The Wire
Late Editions

Episode Report Card
Mr. Sobell: A | 4 USERS: A+
"Deserve Got Nuthin' To Do With It"

Whether you've just closed a major drug bust or you're just making sure that the plates keep spinning so that nobody discovers the horrible deceit you've constructed, nothing tops a long day of detective work -- or just pretending to do detective work -- like a night of drinking down at the tracks. That seems to be Freamon's point of view, as he's well on his way toward making a dent in the bottle of whatever spirit he's toting around. McNulty is less enthused. "This is what you wanted," a happily liquored-up Freamon reminds McNulty. "Then why do I feel like shit?" McNulty responds. Perhaps it's because the full magnitude of your actions is only now dawning on you now that people like Kima and Beadie are finally condemning you for what you did instead of enabling your skullduggery. (That's merely a hypothesis, by the way.) Freamon attributes McNulty's mixed emotions to "post-partum depression" and drunkenly philosophizes that "it's the journey, not the destination." "We got Marlo Stanfield," Freamon adds exultantly, as if the thought just came to him. "What about the serial killer?" McNulty wonders. "Marlo is he," Freamon counters. An interesting interpretation -- and doubtlessly the correct one -- but I somehow doubt the top brass will be eager to accept that point of view, even after a couple of shots from Freamon's bottle.

Freamon turns his alcohol-filled musing toward the day's press conference -- how Daniels wanted him on the dais "with all those preening motherfuckers, congratulating themselves on a job well done. Part of the problem, all of them. Yet, when the bracelets come out, and the dope is on the table..." McNulty interrupts this completely accurate critique of the city's institutional structure with the thorny problem of what to do about all those police resources chasing a made-up killer. Hey, McNulty -- in addition to all the other crap you've pulled this year, you want to add harshing Freamon's buzz to the list? Shut up, Mopey, and let the man have his celebratory bender. Anyhow, Freamon reminds McNulty that this, too, shall pass and that the furor over the serial killer will eventually die down. It is worth reminding everyone that Freamon is drunk. Freamon offers McNulty a swig from the bottle, and McNulty passes. Wow, he really is depressed. If that's the way you're going be then, McNulty, you better give Lester a ride home: "Shardene better be awake, too," Freamon adds. "Because I do believe Lester Freamon's in the mood for love." "Love" in this case is defined as "drunken pawing followed by several hours of loud snoring." And you know, I realize my gig around here is to make dumb jokes at the expense of a fine TV show, but Clarke Peters has just turned in some tremendous work in the first twenty-eight minutes of this episode. I hope to find myself on London's West End one day when he's performing, even if it's as Kenickie in an ill-considered revival of Grease. You hear that, Clarke Peters: I'll sit through Grease if it means watching you work. See how many other stage actors I'd do that for.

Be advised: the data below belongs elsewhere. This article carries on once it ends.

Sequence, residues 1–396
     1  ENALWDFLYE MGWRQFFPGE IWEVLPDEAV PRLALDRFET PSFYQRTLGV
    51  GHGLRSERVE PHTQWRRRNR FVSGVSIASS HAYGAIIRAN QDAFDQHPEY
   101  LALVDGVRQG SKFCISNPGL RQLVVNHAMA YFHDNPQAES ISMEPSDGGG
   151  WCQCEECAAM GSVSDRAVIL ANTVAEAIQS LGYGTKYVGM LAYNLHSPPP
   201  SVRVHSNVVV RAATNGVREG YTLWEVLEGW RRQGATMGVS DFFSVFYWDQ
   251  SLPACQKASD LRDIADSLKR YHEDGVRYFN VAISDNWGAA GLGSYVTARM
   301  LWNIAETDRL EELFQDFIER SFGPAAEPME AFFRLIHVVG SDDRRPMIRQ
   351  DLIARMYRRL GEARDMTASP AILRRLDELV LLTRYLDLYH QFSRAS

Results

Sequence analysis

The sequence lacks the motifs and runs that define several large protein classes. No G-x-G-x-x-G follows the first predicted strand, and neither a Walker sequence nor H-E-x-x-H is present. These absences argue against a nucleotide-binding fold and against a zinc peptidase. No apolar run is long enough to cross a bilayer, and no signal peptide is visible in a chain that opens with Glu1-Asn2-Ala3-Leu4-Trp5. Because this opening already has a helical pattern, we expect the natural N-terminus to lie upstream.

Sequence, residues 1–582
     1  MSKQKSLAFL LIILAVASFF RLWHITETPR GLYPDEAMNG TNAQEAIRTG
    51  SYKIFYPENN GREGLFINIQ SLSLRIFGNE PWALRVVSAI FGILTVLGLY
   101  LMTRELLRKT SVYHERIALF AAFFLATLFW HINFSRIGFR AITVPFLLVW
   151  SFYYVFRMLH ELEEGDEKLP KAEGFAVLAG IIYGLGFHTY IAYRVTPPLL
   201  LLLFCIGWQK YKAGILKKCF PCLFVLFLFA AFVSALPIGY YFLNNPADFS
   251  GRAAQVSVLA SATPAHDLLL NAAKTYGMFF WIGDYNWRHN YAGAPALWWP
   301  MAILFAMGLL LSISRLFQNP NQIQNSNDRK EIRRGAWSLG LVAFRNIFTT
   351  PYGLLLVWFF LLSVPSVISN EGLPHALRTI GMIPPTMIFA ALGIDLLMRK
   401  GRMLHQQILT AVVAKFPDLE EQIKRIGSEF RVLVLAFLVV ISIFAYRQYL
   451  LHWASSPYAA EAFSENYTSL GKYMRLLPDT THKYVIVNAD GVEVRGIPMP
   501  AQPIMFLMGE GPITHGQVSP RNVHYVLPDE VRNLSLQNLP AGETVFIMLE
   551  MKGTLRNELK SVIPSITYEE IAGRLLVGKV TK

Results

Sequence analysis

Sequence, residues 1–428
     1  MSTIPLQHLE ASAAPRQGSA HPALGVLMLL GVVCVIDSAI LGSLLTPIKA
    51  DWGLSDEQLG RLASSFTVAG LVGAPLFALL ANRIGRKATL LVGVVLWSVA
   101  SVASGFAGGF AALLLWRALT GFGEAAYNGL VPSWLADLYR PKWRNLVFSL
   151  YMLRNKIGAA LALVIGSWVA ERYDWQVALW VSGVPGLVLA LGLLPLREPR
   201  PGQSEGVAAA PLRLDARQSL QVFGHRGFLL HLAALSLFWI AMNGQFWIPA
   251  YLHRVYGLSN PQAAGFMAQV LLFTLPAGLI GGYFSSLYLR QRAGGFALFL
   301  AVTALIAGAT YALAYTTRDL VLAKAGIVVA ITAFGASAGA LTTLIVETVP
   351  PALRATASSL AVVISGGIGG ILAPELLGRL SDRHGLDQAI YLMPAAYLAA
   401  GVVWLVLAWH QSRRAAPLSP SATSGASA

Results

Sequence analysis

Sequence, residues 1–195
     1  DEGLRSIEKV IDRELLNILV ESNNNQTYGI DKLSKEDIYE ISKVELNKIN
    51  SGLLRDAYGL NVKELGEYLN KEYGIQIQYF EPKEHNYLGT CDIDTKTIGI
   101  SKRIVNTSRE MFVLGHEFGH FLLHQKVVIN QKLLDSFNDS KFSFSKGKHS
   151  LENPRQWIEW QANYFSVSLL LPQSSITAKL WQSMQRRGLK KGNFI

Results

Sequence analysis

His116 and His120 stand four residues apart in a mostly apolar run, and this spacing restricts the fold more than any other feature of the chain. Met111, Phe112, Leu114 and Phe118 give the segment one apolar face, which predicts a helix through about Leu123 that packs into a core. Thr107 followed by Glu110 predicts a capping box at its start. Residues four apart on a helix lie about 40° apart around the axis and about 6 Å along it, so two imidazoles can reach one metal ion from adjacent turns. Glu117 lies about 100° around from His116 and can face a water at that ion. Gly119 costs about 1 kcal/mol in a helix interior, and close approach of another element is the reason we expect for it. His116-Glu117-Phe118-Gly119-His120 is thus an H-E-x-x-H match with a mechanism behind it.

On Michael's corner, the legend of Omar grows. Despite Michael's insistence that it was Kenard who sent Omar off to his eternal reward, Spider is quite convinced that it was a gang of gunmen from Pimlico who mowed Omar down with a series of AK-47s. Well, when the legend becomes fact, print the legend -- that's what they say, isn't it? And by "they," I pretty much mean "Templeton." Anyhow, Snoop rolls up in an SUV and greets Michael. She's got an assignment for him tomorrow night relating to this massive drug arrest -- a fellow by the name of Big Walter -- "Big-nose Big Walter?" Michael asks; "Nah, Skinny Big Walter," Snoop clarifies -- needs to done in for unspecified crimes against humanity. Hey, and don't worry about bringing a gun to this assignment, Michael -- Snoop promises that a gun will be supplied for him, and drives off. Michael furrows his brow. Hey, between now and tomorrow night, Michael, why not rent Goodfellas and familiarize yourself with the part about how friendly and accommodating gangsters act before dispatching one of their own? Why would you want to watch that? reason.

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The Wire




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